Monday, 30 November 2009

America & Great Britain: "Two nations separated by a common language..."

Where to begin?

The aphorism, "two nations separated by a common language", has been attributed to various notables: the toss usually being between George Bernard Shaw and Winston Churchill; although Oscar Wilde, Bertrand Russell and even Dylan Thomas also get a look in on its provenance. The common literary consent, although it can be found nowhere in his written works, is that the nod goes to Shaw. And whilst some of the perennial old chestnuts (fanny-pack/bum-bag, cigarette/fag etc.) are widely known, to say nothing of still smirked at, there has, of late, been a fresh batch to add to the canon.

In either case, as to appropriate usage, it is still very much the advised rule of thumb of 'when in Rome'; it's all very well waltzing into an American hairdresser's and asking for 'a shag' (to them a hair style), however the response from its UK equivalent may well see you leaving the salon with the fat lip or uncut hair - or probably both.

In the US, a 'Town Hall' is now a meeting (although, for some reason not immediately apparent, the 'meeting' qualifier has become redundant and superfluous to requirements - a 'town hall' in the UK still being, well, a town hall) - worth noting, too, that in the UK, to make a 'town halls' of something is rhyming slang for making a 'balls' of it.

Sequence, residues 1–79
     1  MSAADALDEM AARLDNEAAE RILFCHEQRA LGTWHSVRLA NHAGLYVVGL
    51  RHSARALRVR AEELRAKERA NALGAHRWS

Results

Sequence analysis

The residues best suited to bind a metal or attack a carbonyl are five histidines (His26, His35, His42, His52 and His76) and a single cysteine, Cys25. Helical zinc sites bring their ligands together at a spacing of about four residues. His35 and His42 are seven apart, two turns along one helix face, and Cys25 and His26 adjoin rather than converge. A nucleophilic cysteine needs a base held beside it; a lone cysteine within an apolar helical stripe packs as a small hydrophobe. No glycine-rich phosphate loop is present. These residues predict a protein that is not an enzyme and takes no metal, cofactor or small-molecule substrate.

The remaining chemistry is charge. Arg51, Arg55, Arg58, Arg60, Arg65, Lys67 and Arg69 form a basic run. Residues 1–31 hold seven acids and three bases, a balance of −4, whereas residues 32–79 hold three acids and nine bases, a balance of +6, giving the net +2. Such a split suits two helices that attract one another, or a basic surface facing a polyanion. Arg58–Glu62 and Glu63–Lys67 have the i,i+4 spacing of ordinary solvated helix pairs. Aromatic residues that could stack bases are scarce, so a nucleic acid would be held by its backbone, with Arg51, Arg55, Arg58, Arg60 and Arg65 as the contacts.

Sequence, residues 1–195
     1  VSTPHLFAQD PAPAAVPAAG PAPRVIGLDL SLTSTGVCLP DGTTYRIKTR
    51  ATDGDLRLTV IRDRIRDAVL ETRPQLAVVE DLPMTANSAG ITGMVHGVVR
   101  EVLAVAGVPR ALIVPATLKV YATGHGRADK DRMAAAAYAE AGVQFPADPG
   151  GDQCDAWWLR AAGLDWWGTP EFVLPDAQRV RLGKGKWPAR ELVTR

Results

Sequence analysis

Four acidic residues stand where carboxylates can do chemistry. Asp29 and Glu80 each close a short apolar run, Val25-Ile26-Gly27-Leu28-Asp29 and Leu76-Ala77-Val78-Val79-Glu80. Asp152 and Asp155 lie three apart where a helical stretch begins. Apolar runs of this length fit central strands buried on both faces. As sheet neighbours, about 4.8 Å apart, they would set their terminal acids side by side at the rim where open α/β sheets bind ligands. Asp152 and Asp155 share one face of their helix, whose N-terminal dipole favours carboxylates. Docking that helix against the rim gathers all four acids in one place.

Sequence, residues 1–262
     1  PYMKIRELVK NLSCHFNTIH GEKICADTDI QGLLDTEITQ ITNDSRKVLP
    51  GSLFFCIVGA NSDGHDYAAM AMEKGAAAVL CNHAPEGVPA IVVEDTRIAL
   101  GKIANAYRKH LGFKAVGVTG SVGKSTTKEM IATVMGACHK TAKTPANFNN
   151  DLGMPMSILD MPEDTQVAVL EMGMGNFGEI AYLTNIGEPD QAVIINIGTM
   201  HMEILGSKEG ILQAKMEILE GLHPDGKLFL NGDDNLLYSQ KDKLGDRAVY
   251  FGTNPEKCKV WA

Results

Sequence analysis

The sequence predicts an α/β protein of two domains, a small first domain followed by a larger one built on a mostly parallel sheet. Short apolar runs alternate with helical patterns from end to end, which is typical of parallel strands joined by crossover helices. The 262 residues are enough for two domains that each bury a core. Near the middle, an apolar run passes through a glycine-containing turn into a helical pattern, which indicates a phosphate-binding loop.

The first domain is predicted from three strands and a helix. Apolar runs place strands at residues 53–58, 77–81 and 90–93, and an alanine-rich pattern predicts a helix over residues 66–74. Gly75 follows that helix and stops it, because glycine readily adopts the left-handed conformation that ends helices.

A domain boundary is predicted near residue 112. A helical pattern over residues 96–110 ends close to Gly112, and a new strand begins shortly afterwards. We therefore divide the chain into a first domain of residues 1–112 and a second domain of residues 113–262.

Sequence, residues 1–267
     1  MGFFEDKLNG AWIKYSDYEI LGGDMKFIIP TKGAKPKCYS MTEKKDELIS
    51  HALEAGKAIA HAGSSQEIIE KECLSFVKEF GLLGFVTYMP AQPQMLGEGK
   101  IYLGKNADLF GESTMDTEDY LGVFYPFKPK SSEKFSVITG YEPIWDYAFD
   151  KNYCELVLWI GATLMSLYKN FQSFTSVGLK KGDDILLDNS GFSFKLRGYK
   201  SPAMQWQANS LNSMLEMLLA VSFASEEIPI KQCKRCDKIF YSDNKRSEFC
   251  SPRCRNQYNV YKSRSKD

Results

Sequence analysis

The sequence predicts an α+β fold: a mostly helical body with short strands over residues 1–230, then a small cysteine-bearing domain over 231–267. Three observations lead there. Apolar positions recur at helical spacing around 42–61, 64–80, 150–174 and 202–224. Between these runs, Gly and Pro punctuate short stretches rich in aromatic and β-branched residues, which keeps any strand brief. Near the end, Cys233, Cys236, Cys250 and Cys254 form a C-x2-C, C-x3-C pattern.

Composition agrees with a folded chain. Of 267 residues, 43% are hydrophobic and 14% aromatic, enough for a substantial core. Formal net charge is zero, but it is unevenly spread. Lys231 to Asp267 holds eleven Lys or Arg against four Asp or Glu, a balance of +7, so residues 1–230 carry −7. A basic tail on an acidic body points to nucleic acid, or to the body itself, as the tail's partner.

In fact one of the things which has lent English (be it Am.Eng. or Brit.Eng.) such longevity, apart from its magpie ability to loot, pilfer and steal from whichever language it chooses, is its unrelenting practice of adapting to accommodate new words, uses and constructions; a comparatively recent case in point - and, to some, a somewhat hastily thrown-together hyphenation - being the new American verb, 'to man-up': meaning to be in possession of sufficient quantities of testosterone as to enable one to face up to, and accept, one's responsibilities (cf. 'have the balls to do'), as in "Sarah Palin has yet to man-up and announce her candidacy for the 2012 presidential election".

And, whilst we're on the topic of testicles and places of civic meeting, habitués of US 'Town Halls' may also be referred to as "Teabaggers" - to some, an otherwise perfectly respectable act of gross indecency, requiring a chap to dangle his undercarriage in the mouth and across the face and forehead of his beloved (or at least one for which he may have paid for the privilege of being allowed to do same).

Any way, given the apparent duality of the language, perhaps it's fitting that cross-dressing stand-up comedian Eddie Izzard have the last word on the subject. Enjoy!




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5 comments:

  1. I don't mean to be pedantic but all people linked with the aphorism, "two nations separated by a common language", are British: Shaw, Churchill, Wilde, Russell and Thomas. Actually, please exclude Thomas because he is Welsh (don't tell the welshies I said that).

    This leads me to think that the British are claiming superiority over the entire lanuage, and the introduction of the American verb 'man-up' isn't competing with the hardcore yet.

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  2. OMG. I bet you have Welsh roots?

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  3. Bloody brilliant Izzy Ezzard stand-up!

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  4. Cosmic Navel Lint30 November 2009 21:29

    Irish.

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  5. Cosmic Navel Lint30 November 2009 21:33

    Not with you Anne? How are you being perdantic? There's not mention of the aphorism originating from anyone other the ones both you and I list?? The gag refers to is the language, not the nationality. What have I missed?  *DONT_KNOW*

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